1. Enjoy Your Business
“Relent on your ego — never forget the people who helped you reach your goal”
Owning/operating a small business involves long hours and numerous responsibilities. To avoid becoming burned out by a busy schedule and overburdened by the endless responsibilities, enjoying the business is essential. Without enjoyment, an entrepreneur’s pride in his/her business diminishes. Sadly, the business itself soon follows. To avoid losing touch with the small business, three tips from a small business forum are:
- Small businesses are not 8 to 5 jobs,
- Separate family and business,
- The divorce rate is 5 times higher for owners of failing small businesses.
2. Time Management
“Focus on things that are important rather than what’s urgent”
Time management is organization, “the ability to structure your life and keep tasks and information in order” (The Young Entrepreneur’s Guide to Starting and Running a Small Business by Steve Mariotti). The golden rule for full-time small business owners is the 3000/500 rule: no more than 3,000 and 500 hours per year should be spent working and taking part in community and other activities, respectively. Typically, if these hours are exceeded, both family life and health will suffer. The similar rule holds true for the part-time business owners (those who have a full-time job or are starting a new business) if they exceed the 1,000/750 rule: working more than 1,000 hours per year if under age 40, and 750 hours per year if over age 40. Timely planning is the key to balancing job tasks with community and extracurricular activities. According to several small business owners, here are the top three planning strategies:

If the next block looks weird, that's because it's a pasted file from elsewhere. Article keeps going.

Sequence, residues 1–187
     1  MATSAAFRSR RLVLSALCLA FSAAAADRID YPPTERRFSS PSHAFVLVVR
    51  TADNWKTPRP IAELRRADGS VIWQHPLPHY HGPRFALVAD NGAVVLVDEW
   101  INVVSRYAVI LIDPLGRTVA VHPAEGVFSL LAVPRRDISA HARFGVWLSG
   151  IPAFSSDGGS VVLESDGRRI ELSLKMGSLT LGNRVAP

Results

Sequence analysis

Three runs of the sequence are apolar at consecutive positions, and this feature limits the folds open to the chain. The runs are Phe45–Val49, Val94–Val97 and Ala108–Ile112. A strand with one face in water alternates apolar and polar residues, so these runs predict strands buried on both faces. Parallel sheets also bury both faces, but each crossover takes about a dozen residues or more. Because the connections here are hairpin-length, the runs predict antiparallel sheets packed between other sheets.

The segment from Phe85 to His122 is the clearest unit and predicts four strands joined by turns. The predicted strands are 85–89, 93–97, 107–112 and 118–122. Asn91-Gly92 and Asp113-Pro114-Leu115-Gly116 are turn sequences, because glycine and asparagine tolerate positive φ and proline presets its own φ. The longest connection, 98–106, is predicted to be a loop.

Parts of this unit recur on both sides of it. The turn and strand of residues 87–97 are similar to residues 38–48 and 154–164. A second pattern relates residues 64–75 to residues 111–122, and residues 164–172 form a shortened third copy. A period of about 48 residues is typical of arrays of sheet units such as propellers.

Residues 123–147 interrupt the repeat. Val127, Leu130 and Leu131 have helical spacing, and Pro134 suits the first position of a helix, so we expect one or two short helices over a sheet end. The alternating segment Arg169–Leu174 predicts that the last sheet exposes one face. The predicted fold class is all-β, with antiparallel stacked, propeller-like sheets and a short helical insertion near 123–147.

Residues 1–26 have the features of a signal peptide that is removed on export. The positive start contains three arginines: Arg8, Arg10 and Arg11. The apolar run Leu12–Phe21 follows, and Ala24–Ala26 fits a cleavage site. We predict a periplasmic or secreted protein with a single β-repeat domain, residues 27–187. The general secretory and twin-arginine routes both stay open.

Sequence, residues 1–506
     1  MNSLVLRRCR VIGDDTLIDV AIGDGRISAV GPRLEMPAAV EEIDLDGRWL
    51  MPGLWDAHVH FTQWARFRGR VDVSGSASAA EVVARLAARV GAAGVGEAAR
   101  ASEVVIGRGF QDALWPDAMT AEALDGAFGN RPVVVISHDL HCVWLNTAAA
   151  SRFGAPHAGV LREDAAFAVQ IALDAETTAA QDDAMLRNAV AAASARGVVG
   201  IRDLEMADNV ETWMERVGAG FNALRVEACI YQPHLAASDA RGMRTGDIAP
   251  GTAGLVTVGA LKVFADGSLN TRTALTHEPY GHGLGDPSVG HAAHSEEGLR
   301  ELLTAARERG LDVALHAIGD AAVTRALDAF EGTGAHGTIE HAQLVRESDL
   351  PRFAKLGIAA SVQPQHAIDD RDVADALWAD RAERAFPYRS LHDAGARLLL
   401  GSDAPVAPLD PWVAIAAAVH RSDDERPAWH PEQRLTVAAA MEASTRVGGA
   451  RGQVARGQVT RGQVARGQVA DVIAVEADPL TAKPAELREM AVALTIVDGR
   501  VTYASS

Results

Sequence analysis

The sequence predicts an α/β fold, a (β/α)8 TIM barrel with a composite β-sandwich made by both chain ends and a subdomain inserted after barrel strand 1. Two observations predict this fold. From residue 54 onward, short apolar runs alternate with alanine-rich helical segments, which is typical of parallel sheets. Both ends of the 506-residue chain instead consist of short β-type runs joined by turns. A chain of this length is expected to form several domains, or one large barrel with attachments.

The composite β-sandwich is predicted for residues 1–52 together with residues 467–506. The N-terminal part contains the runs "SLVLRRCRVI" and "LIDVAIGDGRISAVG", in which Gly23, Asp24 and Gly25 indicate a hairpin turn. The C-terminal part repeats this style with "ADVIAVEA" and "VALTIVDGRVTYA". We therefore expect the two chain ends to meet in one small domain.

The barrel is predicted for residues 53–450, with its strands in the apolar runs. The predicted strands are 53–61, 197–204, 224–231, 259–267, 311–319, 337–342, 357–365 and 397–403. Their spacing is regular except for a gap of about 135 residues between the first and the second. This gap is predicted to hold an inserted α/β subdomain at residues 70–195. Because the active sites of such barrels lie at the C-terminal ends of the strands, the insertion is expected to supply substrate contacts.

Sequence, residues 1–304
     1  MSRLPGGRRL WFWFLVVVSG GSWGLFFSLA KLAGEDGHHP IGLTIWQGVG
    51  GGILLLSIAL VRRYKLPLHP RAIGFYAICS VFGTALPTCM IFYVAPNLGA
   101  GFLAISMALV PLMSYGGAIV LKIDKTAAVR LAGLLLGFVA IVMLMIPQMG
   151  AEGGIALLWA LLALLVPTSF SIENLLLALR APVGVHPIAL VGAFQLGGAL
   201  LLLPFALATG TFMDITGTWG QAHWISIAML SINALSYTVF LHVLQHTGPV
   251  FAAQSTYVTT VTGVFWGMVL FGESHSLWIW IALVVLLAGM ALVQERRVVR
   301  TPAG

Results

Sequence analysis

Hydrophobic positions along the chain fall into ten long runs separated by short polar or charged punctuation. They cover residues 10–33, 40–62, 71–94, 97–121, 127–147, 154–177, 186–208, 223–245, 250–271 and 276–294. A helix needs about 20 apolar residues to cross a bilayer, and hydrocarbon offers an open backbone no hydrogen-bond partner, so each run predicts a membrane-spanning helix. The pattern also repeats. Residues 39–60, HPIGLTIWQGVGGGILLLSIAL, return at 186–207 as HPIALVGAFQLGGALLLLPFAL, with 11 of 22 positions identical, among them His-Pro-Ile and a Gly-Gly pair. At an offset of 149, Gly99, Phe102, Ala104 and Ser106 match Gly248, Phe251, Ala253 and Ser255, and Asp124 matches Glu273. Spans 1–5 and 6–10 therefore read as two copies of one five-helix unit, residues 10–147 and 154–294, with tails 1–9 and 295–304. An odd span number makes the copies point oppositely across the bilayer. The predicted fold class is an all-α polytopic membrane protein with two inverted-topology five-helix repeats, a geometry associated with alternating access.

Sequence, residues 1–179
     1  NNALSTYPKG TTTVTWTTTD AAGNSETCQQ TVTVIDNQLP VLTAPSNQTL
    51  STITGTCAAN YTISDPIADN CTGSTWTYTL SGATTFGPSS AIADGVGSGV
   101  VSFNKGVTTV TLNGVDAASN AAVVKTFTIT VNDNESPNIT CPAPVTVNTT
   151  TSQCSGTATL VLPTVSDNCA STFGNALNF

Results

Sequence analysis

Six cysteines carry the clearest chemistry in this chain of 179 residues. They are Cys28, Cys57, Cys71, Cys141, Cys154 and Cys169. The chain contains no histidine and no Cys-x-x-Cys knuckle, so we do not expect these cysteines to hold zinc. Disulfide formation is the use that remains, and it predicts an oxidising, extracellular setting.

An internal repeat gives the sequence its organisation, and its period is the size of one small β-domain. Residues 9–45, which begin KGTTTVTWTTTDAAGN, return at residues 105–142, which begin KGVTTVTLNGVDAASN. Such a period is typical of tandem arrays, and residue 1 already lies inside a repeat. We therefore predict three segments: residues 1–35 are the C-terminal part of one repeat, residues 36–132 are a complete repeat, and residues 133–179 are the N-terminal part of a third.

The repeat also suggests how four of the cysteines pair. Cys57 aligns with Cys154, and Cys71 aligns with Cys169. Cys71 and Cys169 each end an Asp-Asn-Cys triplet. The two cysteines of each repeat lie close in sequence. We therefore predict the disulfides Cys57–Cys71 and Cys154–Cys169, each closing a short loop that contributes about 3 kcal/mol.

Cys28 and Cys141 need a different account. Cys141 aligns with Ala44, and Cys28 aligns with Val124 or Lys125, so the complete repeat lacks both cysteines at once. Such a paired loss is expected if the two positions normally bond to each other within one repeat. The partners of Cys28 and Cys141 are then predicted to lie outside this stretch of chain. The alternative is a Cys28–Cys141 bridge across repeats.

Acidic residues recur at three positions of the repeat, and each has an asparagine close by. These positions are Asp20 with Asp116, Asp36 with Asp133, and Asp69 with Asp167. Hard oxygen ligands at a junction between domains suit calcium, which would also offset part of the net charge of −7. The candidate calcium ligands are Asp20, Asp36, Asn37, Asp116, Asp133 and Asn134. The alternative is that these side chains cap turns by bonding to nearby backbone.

- Set aside time each day for planning,
- Focus on tasks and activities that are important — in other words, focus on the $10,000 decision rather than the $10 decision,
- Delegate tasks to employees.
3. Give Back to Community
“It just feels good”
Contributing to your local community stimulates good public relations. In turn, good public relations stimulate a loyal customer base and a long-lasting relationship with the local community. Entrepreneurs have contributed to their communities in positive ways. The following are ideas on what worked for them:
- Regular advertisements in the local newspaper,
- Employing local citizens into their business,
- Learning how to say no. In his first year of ownership, one small business owner received a $20,000 donation request. For the good of his business, he had to say no. A smaller, more appropriate donation was given instead.